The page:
Yemanj?, Afro-Brazilian Candombl? Cult in Bahia
Getty Images

Reclaiming Black Girl Magic Through Ancestral Spiritual Traditions

As more African descendants seek out non-traditional spiritual systems, Lakeesha Harris builds on the Black Witch University. 

As more black folks, particularly black women, in the United States are becoming more interested in exploring non-Christian faith systems, the need for more spaces providing information are becoming more imperative. For those who are disenchanted with traditional Western religions, Lakeesha Harris is here to guide you.

Harris proudly proclaims the title of witch, a political decision on her part, with a careful consideration of how the word was used to cast stigma over marginalized women. "I was like, yeah, I'm going to call myself a Black witch. Calling myself a Black witch is to understand the political nature and the power that title holds for me—as a woman and as a witch and as someone taking ownership of her magic and her whole body," she tells Broadly.

She came to discovering her own magical power at an early age, particularly in the kitchen, with the usage of herbal roots. "The Black women in my family, we had a legacy of magic, but we never called it that," she recalls of her childhood in Kankakee, Illinois. A particularly poignant moment was watching her aunt endure abuse, yet still manage to take care of the family. "I would say to myself, how did Auntie Joyce do all of this?" she recalls with Broadly. "How did she work, take care of the family, take care of all of us, [and] provide space and home and love? How did she take care of herself and navigate through abuse?" It was the act of growing, maintaining herbs, and keeping ties to the earth that sustained her aunt's strength—a power that Harris inherited in her own uses of magic.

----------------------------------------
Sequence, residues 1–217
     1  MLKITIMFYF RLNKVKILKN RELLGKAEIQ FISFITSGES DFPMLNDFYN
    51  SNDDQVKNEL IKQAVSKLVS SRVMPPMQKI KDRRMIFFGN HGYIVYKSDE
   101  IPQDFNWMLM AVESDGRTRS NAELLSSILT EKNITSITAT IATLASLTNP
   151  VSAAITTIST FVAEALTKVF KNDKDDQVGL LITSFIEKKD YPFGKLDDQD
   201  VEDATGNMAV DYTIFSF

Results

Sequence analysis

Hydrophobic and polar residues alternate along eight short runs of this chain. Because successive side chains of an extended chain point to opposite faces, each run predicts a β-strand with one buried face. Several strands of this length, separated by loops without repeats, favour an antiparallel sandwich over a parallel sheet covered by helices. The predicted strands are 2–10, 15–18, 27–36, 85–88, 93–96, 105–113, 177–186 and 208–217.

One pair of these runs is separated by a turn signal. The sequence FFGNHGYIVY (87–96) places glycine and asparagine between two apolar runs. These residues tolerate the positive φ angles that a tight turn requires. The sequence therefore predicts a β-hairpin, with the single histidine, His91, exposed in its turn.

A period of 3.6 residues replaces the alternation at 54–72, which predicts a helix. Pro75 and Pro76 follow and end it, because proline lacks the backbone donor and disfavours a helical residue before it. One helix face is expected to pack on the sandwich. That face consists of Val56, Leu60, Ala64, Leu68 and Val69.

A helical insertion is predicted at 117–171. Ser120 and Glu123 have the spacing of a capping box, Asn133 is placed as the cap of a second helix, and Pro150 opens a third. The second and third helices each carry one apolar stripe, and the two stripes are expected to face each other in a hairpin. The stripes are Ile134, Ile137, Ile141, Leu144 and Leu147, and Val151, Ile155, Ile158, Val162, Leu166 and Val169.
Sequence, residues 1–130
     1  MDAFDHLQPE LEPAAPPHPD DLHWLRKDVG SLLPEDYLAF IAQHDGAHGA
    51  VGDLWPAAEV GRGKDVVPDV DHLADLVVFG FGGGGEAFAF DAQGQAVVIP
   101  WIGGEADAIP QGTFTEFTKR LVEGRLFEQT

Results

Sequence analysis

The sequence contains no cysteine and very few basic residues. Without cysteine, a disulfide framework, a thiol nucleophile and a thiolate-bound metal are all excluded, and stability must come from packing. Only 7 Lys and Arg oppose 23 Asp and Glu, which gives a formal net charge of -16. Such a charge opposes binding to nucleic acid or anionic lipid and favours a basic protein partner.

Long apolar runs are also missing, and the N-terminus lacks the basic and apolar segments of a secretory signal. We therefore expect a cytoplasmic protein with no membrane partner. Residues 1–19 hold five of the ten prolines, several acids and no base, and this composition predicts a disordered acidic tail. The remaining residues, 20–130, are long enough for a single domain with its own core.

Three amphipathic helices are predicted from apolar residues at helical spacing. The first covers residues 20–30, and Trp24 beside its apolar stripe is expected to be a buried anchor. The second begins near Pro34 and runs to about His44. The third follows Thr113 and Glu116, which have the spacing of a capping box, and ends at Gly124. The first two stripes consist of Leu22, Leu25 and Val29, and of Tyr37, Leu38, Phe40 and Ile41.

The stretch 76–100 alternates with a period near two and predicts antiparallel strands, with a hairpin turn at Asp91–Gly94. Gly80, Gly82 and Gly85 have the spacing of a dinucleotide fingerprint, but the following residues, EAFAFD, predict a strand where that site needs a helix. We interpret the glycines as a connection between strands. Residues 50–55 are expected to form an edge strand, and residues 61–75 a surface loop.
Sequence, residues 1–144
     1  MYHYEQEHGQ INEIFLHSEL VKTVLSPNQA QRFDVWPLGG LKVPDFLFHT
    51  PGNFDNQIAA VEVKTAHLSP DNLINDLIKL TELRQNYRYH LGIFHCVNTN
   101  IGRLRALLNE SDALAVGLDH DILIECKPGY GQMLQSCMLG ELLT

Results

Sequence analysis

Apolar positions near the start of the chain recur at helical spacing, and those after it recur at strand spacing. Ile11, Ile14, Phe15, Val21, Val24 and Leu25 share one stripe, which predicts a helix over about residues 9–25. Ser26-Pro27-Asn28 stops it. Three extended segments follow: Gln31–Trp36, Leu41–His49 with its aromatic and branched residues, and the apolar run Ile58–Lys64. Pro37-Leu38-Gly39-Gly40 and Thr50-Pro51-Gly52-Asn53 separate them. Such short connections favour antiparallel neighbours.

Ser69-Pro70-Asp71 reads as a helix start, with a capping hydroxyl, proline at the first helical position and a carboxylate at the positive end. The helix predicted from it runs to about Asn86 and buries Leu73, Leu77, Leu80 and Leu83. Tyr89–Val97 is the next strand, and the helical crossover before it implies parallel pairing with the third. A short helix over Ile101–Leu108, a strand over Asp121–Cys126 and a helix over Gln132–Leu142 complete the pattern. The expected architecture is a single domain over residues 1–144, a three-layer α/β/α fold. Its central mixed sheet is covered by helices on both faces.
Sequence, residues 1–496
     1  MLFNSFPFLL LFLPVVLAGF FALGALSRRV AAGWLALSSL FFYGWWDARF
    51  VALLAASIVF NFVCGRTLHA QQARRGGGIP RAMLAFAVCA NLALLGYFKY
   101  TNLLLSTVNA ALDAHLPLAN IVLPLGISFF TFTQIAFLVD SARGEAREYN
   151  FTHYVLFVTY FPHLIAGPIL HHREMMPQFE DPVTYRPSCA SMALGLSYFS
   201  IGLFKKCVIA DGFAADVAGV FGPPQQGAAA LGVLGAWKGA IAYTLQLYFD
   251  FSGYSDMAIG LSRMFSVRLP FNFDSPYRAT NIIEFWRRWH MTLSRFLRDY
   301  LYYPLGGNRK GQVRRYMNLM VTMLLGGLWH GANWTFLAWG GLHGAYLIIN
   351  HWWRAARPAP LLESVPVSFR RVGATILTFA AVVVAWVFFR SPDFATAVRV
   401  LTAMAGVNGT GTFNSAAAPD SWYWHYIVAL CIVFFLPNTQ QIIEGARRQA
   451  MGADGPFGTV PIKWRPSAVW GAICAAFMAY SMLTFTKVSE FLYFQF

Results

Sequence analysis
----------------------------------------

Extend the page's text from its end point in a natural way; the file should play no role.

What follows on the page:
She is one-third of the Black Witch Chronicles, a collective that was initiated in New Orleans that, in the group's own words, "communicate from our collective wisdom as healers, artists, visionaries, and change makers connected to the ongoing story that sings to us from our ancestral roots and truths." The group regularly hosts webinars for young black witches-in-training about beginning their own spiritual paths, learning the ways of ancestral rituals and conjuring.

The program will also serve as a safe space for those who feel like they are alone in their journey of discovery and dealing with judgement from loved ones.

The knowledgeable witch first established a small coven in Chicago in 2015, in which young witches, healers, and diviners set out together to do powerful spiritual work, which included alter building, invoking black southern spiritual traditions, crystals and tarot readings. From that point on, public interest continued to grow. "A lot of young and older Black people were like, 'Look we're interested, where do we start? And we just kept getting all these emails, emails, emails. I was like OK, it's time to set up some system in which we can formalize the learning process."

Black Witch University began in September, aims to instruct those hungry for spiritual understanding of ancestral spiritual traditions. Harris desires to incorporate Àjé (dedicated to female divinity associated with Yorùbá tradition) and Lucumí practices into the university's courses. The conclusion of the program, states Broadly, is scheduled in March of 2o17, and will happen in time for the Spring Equinox.

Harris advocates people of African descent utilizing ancestral magic as a tool of healing, as well as a potent weapon against harrowing social injustices. The Chicago-based witch has conducted spells against relieving the city of police violence. "It would behoove us to use our own magic for the protection of ourselves and other people."

Read interview in full over at Broadly.

 

From the Web

More on Vibe

Nick Rice